Making changes along the way is another big mistake that I often see people make. These unexpected re-routes not only delay the project but can cost a premium.  Do your best to cover all the work in your budget from the start.  If there is something small you really want to change, that may be doable but deciding to remove a wall after the drywallers have finished would be extremely difficult. 

Step 4: Selling For a Profit

The final step to flipping success is selling. While you’ve spent several weeks getting the renovations complete now is not the time to stop. Staging is key. And in fact, it is so important that I recommend everyone include it in their budgets from the very beginning. Another must? professional photographs. For many buyers their first showing is online when viewing these photos.

Having a good realtor is also key when it comes to your listing. They should be able to assess the activity of the local market and make a difference between a quick sale and a house that sits with no offers. They will help you with pricing and represent your interest when working with buyers. They will also negotiate on your behalf when it comes to pricing, concessions, and inspection requests. 

Though you will pay a commission, they bring expertise to the process and can potentially secure you a higher price and more favorable offers.

Step Five: Reflect and Repeat

I know, you’ve gotten through a flip and can’t wait to move to the next. Though I find step five to be critical to your process. Along the way, there’s a chance something will go not quite the way you intended. Don’t get discouraged because you’ll learn that all problems have a solution. When something is new, it just may take a bit more to figure out what that solution may be. Learning by doing is always the best educator.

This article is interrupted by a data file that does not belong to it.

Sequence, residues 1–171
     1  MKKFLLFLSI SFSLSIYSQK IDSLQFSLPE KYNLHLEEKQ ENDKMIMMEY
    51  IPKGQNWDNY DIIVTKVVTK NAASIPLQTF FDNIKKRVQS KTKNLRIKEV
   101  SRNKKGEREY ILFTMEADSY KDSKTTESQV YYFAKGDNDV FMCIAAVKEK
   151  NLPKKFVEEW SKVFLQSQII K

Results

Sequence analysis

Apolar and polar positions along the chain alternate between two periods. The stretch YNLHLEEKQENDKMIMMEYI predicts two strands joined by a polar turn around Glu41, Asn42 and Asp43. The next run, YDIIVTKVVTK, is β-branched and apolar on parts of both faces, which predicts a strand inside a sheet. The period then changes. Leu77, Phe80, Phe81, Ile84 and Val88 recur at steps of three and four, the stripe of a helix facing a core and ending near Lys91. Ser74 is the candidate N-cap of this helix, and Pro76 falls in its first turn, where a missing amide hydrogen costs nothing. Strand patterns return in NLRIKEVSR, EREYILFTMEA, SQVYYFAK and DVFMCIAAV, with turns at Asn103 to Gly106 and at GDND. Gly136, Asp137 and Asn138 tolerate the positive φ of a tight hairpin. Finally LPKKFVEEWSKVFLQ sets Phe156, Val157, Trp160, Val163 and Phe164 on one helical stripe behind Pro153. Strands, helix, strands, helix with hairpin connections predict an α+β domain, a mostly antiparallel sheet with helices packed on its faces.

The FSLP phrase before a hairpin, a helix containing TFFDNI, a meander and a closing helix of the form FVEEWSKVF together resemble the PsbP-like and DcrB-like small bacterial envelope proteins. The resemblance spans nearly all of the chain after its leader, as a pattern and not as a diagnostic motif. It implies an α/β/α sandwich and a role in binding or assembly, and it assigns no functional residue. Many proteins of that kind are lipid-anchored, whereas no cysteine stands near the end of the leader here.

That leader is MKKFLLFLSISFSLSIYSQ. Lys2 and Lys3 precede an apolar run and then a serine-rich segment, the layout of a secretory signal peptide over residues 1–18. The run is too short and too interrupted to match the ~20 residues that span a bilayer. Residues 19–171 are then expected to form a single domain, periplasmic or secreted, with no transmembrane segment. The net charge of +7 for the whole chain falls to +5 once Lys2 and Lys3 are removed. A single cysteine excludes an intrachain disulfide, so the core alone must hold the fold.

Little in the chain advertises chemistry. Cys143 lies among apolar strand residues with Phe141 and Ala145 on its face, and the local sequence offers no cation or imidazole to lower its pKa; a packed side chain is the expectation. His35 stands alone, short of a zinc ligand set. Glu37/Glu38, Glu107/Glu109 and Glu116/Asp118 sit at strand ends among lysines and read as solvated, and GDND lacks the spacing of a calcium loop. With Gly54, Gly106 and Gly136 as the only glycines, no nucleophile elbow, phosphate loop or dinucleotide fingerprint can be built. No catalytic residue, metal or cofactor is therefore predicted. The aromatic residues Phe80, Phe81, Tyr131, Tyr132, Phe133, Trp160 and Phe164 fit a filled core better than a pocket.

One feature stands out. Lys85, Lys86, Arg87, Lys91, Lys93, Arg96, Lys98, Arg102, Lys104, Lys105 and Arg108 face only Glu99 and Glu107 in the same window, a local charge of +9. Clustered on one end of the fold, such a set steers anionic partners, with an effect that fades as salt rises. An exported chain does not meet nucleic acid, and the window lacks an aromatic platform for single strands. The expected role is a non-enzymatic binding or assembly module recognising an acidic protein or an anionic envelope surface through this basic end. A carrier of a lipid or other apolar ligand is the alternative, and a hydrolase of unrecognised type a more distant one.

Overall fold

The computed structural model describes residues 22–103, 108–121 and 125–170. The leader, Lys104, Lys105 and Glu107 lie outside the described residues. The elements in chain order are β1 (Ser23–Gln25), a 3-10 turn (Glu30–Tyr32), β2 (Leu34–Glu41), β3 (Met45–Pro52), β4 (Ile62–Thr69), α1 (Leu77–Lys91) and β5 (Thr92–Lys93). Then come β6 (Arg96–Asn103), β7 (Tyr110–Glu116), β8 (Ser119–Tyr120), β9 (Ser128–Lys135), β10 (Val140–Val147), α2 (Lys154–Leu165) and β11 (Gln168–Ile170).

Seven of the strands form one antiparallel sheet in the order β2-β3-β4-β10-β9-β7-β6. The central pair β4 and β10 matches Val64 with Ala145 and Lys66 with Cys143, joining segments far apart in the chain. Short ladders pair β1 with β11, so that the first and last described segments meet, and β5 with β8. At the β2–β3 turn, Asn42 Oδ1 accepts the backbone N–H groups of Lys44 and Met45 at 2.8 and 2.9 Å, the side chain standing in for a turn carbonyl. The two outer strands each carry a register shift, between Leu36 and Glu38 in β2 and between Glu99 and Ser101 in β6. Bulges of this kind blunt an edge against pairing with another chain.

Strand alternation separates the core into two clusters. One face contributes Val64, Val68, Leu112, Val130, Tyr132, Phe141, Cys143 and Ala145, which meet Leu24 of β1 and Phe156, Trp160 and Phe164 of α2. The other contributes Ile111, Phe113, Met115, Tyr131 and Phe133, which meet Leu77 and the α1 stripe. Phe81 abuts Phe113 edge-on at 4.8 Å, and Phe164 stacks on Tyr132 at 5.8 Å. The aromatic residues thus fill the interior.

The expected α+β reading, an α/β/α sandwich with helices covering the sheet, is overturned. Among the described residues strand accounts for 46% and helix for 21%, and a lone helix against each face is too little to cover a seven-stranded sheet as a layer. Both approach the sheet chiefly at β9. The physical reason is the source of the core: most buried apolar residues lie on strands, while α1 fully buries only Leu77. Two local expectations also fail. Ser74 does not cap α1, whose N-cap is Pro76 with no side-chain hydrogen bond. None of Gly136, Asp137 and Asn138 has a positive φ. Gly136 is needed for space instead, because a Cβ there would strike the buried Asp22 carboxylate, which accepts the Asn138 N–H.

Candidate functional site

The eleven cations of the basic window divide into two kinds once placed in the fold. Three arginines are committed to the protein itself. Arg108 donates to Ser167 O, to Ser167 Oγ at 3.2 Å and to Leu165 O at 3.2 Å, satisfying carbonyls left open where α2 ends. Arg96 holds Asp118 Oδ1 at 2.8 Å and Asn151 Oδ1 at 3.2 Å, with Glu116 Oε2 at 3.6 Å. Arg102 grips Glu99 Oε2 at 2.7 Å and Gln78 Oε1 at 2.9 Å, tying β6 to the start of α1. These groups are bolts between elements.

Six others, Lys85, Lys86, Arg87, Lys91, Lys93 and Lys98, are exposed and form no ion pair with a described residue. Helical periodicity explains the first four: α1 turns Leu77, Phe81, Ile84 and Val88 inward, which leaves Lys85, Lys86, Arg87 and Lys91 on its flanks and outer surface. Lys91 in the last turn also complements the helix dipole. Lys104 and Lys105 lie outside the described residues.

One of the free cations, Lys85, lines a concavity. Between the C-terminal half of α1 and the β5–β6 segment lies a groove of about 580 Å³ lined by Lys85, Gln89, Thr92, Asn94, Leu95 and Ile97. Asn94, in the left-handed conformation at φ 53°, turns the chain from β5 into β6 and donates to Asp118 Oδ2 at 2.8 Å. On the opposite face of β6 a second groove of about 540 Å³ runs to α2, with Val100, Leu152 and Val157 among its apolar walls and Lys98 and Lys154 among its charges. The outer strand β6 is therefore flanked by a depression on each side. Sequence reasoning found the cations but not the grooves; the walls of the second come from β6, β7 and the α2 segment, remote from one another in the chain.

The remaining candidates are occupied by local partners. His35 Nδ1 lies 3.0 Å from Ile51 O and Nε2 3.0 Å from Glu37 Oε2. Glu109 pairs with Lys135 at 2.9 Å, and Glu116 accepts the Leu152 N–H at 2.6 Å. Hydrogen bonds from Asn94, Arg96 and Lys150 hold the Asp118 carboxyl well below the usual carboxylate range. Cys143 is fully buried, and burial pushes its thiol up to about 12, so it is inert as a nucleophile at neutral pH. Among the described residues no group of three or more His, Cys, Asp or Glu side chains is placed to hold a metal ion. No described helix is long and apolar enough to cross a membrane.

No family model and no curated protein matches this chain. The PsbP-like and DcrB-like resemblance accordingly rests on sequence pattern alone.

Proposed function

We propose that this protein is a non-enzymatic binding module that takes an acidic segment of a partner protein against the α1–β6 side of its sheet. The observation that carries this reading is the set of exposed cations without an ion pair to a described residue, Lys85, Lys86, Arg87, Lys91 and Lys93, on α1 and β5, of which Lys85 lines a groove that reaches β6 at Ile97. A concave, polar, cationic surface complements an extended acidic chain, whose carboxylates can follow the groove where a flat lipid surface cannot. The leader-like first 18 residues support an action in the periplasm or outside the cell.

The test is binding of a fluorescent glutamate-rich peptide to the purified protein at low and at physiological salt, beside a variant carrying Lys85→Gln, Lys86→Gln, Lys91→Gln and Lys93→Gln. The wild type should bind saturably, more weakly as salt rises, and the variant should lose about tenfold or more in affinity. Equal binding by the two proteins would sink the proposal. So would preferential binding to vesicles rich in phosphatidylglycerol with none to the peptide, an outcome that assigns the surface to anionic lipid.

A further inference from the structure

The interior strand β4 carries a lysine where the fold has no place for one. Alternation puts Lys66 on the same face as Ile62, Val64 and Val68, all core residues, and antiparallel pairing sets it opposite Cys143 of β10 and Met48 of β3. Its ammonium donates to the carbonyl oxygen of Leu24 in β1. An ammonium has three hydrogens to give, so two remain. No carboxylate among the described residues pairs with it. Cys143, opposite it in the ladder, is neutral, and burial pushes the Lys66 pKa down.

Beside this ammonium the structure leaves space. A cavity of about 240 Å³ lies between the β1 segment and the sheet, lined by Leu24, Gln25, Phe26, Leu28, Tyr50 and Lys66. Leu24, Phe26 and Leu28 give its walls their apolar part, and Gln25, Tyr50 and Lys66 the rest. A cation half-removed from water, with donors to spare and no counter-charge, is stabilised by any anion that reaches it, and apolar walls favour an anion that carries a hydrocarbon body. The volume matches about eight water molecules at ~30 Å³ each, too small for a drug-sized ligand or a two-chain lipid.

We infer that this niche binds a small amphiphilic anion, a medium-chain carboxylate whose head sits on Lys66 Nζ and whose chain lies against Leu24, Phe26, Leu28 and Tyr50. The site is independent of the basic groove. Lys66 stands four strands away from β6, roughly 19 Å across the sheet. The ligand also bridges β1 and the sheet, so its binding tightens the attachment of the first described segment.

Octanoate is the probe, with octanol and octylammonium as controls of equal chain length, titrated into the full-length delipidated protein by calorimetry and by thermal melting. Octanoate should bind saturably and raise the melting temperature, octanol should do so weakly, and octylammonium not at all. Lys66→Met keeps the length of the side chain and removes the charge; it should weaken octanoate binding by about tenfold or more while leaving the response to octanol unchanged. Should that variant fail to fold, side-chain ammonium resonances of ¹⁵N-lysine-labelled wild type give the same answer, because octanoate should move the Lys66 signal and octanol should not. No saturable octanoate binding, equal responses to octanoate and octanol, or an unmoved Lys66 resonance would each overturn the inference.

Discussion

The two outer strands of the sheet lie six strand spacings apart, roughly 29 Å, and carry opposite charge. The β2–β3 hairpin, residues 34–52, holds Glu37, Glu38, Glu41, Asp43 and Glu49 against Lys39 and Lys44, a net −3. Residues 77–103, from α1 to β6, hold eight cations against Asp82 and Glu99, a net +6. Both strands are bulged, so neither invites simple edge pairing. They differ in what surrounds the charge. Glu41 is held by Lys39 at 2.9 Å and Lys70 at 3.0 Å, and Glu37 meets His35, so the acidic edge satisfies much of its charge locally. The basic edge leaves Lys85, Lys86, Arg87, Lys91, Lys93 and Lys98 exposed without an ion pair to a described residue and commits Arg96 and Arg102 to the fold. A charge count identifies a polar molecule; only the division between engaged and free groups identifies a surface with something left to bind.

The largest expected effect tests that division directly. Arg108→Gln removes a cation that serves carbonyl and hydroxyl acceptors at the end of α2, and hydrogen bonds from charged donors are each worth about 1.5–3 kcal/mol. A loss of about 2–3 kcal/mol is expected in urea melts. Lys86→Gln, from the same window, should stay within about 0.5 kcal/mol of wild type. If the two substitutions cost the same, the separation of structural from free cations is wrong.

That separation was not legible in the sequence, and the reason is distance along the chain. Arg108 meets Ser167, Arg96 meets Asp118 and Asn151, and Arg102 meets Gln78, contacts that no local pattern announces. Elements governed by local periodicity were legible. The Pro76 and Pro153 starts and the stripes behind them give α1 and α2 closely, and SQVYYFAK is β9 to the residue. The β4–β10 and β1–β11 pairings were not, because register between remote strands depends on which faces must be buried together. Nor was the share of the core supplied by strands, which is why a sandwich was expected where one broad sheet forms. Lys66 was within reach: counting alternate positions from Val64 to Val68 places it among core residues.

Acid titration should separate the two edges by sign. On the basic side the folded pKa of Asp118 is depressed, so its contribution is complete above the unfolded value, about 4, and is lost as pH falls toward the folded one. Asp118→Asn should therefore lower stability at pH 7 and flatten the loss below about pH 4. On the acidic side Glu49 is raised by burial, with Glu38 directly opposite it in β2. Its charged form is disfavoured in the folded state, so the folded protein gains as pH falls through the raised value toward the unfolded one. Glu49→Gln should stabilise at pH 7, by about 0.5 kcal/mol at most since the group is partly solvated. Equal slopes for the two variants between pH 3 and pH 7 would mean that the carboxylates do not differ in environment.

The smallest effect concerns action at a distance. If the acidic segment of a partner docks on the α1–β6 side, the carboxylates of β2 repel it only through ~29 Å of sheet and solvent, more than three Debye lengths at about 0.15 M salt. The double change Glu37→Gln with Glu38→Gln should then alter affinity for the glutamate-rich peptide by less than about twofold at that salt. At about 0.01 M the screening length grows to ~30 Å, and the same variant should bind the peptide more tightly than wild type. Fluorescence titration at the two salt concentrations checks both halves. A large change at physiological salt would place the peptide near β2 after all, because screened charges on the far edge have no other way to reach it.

Fix and flip isn’t for everyone, but anyone willing to take on the challenge will learn how to be successful. With these five steps, you will see your way through your first flip and learn lessons along the way to move forward on your fix and flip journey.

With every single project, you will find your knowledge and skill growing, soon you may pivot to larger projects or different neighborhoods. The choice is yours to make, so get ready to take control of your flipping future! 

If at this point you’re considering your next project, congratulations! You’ve just learned something new about yourself and what you’re capable of. As you continue to gain more experience, taking on larger projects may be on your horizon. These will feel so much more possible with the experience you’ve built. 

Ready to take that next step when it comes to flipping?  

Here are some resources I’ve put together to help you get the information you need to move forward on creating your flipping life.

Make sure you have the Fixer Upper Checklist so you know which areas are key to added value in a home.

If you are interested in learning more about the House Flip Blueprint course go here.

There are several videos available on finding houses, renovations and funding on YouTube.  Check out your favorite flipping topics and new videos weekly!